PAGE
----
An Opportunity as the World Moves Away from Russian Energy

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In today’s Money Morning…pumping trillions into the economy isn’t normal…if anything, this will turbocharge the green energy transition…energy security is now a priority…and more…

Inflation is starting to bite.

Over the last week, I’ve noticed higher prices on some items at the supermarket. Lunch at my local café is now almost 5% dearer.

But the big one, of course, is energy prices. Fuel prices are soaring, and that will hit the rest of the economy.

High inflation doesn’t win elections.

It’s why the government, last night, put together an $8.6 billion cost of living package to stop households from feeling the pinch.

The measures include a 50% cut to the 44.2-cent per-litre petrol tax, a one-off $250 cost of living payment for millions of Australians, and a $420 tax rebate for low- and middle-income earners.

Of course, coming from Argentina, you know that fighting inflation by throwing more money at it…well, it could add more fuel to the fire.

On the other side of the pond, things aren’t much better either when it comes to inflation.

Surging fuel prices have been hitting consumers in Europe for months.

A month after Russia invaded Ukraine, the expectation is that the next inflation numbers will come in between 6.7% and 7.7% after taking a hit from high energy prices, and governments are also taking measures to shield households from high prices.

The belief over there is that this is a short-term thing. As European Central Bank Chief Economist Philip Lane told Politico in an interview:

We would still diagnose that this essentially is an imported inflation shock, it’s a supply shock. Most of this inflation will fade away.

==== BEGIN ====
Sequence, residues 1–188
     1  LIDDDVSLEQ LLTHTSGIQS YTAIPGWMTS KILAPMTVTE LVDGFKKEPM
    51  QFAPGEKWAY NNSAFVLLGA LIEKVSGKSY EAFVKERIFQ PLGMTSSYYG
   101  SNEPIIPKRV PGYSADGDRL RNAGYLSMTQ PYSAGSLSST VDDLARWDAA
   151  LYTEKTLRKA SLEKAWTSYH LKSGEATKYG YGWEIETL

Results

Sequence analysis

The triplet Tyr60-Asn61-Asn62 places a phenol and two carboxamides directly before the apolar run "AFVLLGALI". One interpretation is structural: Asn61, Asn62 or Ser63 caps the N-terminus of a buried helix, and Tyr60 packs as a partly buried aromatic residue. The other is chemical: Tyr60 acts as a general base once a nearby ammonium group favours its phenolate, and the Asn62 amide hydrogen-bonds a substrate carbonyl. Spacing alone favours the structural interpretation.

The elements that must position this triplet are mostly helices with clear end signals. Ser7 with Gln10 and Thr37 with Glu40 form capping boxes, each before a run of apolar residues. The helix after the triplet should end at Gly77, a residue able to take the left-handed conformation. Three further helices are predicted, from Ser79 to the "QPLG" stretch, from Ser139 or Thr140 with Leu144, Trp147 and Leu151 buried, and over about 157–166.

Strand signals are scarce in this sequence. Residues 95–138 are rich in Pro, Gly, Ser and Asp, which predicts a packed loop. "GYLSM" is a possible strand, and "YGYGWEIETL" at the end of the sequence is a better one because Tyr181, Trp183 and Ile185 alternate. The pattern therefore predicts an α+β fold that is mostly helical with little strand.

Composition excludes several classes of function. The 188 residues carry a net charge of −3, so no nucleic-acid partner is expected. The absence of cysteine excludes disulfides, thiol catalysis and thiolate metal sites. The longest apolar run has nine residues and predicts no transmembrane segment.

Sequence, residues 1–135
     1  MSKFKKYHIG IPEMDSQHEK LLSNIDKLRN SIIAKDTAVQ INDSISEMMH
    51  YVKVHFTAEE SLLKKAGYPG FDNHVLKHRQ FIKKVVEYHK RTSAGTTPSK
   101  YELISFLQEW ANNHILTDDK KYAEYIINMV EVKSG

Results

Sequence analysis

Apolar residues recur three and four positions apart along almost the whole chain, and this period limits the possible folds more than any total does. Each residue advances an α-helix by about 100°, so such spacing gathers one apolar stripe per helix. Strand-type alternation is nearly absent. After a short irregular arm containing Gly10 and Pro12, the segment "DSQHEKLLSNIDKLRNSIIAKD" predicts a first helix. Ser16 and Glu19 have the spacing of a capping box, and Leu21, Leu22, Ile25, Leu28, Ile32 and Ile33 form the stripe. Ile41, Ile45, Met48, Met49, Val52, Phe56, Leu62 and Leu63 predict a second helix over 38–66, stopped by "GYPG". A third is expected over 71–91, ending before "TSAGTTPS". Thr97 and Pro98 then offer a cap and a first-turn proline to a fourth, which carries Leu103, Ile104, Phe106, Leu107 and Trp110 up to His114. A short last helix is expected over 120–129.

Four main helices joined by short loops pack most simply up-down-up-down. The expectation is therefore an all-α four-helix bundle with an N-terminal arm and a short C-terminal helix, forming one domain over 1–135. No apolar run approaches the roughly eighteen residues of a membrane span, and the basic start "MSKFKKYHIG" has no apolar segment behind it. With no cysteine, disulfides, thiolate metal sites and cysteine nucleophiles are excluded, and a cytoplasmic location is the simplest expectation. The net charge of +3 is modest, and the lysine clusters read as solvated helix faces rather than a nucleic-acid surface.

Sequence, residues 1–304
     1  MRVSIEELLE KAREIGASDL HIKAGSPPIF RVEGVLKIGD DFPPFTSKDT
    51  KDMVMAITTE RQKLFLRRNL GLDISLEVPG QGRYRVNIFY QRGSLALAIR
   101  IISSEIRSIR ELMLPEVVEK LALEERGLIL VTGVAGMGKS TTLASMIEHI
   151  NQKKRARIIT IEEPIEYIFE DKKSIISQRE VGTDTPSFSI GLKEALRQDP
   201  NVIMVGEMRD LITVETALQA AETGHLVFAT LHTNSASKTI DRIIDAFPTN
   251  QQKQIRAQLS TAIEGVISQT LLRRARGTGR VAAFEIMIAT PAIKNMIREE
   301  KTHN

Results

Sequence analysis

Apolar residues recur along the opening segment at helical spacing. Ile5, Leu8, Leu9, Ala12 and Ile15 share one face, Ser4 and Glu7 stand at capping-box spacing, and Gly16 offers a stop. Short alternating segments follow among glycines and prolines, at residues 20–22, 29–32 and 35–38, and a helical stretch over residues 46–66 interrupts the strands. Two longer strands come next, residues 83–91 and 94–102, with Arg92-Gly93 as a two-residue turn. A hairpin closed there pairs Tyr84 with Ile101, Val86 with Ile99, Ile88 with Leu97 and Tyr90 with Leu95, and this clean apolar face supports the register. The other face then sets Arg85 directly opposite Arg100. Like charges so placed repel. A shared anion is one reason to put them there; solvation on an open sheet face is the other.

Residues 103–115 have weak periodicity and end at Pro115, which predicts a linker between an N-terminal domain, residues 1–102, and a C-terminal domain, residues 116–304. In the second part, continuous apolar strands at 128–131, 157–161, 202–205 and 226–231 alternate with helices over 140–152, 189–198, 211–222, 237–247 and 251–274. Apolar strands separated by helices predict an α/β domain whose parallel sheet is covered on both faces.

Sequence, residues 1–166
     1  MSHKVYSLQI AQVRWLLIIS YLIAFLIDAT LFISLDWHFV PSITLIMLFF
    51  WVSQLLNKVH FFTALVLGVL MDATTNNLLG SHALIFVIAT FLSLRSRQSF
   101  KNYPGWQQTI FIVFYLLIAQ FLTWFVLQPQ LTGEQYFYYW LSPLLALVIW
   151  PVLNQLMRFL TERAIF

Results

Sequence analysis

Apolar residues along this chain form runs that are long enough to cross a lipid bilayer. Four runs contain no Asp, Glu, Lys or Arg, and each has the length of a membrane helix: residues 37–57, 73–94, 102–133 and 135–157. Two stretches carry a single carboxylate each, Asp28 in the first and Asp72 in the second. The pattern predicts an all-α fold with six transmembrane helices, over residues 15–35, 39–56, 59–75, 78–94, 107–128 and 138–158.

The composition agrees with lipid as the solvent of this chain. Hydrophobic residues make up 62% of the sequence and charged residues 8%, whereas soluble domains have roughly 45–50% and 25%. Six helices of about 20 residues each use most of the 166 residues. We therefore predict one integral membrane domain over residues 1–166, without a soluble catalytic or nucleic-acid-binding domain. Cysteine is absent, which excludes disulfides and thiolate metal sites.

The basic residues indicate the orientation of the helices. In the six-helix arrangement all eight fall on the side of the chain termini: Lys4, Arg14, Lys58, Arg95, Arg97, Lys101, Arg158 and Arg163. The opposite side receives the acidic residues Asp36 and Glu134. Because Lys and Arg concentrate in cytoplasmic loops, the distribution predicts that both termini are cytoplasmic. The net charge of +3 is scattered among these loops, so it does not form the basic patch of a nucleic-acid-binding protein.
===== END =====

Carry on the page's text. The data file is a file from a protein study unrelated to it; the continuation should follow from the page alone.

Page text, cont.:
Fading away from inflation doesn’t mean that these high prices will reverse. Europe may have to get used to higher prices.

In the US, annual inflation hit 7.9% as energy, food, and shelter prices soar.

Central bank rhetoric has gone from inflation is ‘transitory’ to inflation will come down by the end of the year.

Now the notion that this is a short-term thing is pretty much dead, with the US Fed vowing to become more aggressive with inflation ‘much too high’.

Pumping trillions into the economy isn’t normal

Inflation is something to worry about.

It acts as a tax on your money. It creeps up, stealing your purchasing power and your wealth.

For a while I’ve thought that a bout of inflation was inevitable.

First, there’s been the trillions of dollars pumped into the economy.

In order to keep the boom going, policies have included lowering interest rates to record lows and central banks increasing their balance sheets to provide increasing amounts of stimulus, both before and after the real crisis hit — the pandemic.

The result has been an economy that’s a complete mirage. An economy mostly driven by stimulus than by real demand from people.

In a fake economy, things don’t work the way they should. Amid all the ‘growth’ in recent years and low unemployment, we’ve barely seen any salary growth. Instead, the growth has mostly come from inflation in asset prices like property.